|Titel på arbejdet
|The Effects of Zinc Ions on Bone Growth, Modeling and Remodeling
|Afdeling / Sted
|Ortopædkirurgisk afdeling, Aarhus Universitets Hospital
|Abstract / Summary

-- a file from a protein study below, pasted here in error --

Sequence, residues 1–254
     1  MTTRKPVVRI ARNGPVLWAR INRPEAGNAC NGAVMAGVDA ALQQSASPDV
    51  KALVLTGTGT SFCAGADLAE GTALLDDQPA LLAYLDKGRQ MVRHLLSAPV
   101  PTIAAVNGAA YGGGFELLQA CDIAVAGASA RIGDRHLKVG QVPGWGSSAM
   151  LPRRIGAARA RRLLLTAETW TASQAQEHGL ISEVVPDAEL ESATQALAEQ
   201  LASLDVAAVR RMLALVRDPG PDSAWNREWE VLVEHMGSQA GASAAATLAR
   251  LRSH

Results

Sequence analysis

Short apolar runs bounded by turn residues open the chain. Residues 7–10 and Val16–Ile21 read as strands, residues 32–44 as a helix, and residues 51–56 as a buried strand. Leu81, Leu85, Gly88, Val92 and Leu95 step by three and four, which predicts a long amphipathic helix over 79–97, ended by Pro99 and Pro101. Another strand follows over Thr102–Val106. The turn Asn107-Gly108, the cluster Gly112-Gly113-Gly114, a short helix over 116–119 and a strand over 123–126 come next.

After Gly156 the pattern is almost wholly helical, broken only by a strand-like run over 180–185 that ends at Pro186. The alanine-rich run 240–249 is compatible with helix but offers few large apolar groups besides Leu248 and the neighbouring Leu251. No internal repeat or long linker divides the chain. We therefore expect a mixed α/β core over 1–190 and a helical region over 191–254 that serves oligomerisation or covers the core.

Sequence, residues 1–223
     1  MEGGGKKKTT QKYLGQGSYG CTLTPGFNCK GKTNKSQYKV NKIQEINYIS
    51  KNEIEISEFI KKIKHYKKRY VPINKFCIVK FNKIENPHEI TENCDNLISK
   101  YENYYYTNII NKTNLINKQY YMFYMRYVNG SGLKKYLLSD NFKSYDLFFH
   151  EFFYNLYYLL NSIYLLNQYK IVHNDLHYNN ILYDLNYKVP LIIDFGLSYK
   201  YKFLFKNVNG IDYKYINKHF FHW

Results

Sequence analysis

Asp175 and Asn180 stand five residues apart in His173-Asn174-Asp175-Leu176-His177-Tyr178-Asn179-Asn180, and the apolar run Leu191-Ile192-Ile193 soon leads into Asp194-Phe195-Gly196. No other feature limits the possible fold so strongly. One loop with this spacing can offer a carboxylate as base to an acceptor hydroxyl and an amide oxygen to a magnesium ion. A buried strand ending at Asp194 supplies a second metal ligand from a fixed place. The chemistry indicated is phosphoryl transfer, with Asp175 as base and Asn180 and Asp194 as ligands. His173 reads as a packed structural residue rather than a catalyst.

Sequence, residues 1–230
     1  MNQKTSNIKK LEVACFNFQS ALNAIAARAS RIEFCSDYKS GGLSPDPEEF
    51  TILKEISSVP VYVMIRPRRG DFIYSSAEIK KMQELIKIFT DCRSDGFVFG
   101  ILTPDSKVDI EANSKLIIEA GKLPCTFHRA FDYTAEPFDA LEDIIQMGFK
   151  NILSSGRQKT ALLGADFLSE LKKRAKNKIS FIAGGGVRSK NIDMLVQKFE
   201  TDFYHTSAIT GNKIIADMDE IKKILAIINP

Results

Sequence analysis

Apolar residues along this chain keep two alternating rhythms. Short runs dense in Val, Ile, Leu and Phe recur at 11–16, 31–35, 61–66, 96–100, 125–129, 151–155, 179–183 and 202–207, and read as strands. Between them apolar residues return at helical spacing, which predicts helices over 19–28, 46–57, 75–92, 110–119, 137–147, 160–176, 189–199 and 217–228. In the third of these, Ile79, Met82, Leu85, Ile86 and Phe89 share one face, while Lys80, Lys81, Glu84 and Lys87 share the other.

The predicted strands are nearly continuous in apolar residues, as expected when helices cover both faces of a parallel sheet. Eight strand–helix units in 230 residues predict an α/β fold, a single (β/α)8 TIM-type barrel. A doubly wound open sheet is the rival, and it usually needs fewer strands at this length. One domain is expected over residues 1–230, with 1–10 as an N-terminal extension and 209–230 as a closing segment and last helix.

The Effects of Zinc Ions on Bone Growth, Modeling and Remodeling This Ph.D.-thesis is based on three original papers investigating the effects of zinc on bone modelling and remodelling. Aims I. Investigation of bone quality after alimentary zinc depletion and supplementation in an animal model of intact, growing rats. A biomechanical study. Paper I. II. A histological description of bone changes and the amount and localization of zinc ions following alimentary zinc depletion and supplementation in an animal model of intact growing rats. A histological study. Paper II. III. The effects of alimentary zinc depletion and supplementation on fracture healing in an animal model with a standardized closed fracture. A biomechanical study. Paper III. Methods Forty-five 4 weeks-old, male Wistar rats were used for the investigation in paper I and II, and eighty, 12-weeks-old male rats were used in the fracture study (paper III). The animals were housed in pairs in metal-free cages in rooms with controlled temperature and a 12:12 h light/dark cycle. They were given free access to a semisynthetic diet with different amounts of zinc added and distilled water. All animals were sacrified and both hindlimbs were investigated by use of histology and biomechanical testing. Results Paper I and II • Alimentary zinc supplementation in growing rats has a potent anabolic effect. Both the body weight and the length of the femora increased dose-dependently. • Zinc induced a significant increase in bone strength in growing rats at all investigated sites. • Zinc influenced bone strength in growing rats in a dose-dependent manner, except at the distal femoral metaphysis, where there was no significant difference between the two groups of rats fed with zinc-supplemented diet. • Static hisomorphometry showed that zinc exerted its main effect on growing rats on the periosteal envelope. • Alimentary zinc supply to growing rats resulted in an increase in the height of the total growth plate in a dose-dependent manner. • Based on the modified autometallographic Timm sulphide silver method (AMG), zinc ions are demonstrated as present in osteoid bone, joint cartilage and synovial membrane. In other words at the site of bone formation as a requisite for complete calcification. • At ultrastructural levels (electron microscopy) AMG-stained zinc ions were demonstrated at the initial site of calcification in, what we believe to be, matrix vesicles in the unmineralized bone matrix. • Zinc concentration in bone in growing rats were significantly decreased in zinc depleted rats. Paper III • The growth in growing rats suffering a fracture was not influenced by the zinc content of the daily diets. • The time of fracture healing in growing rats was not influenced by the additional administration of zinc to the daily diets and no histological differences were found. • Biomechanical testing revealed a significant zinc-induced effect on the maximum load values of the fractsite after 56 days of healing in growing rats.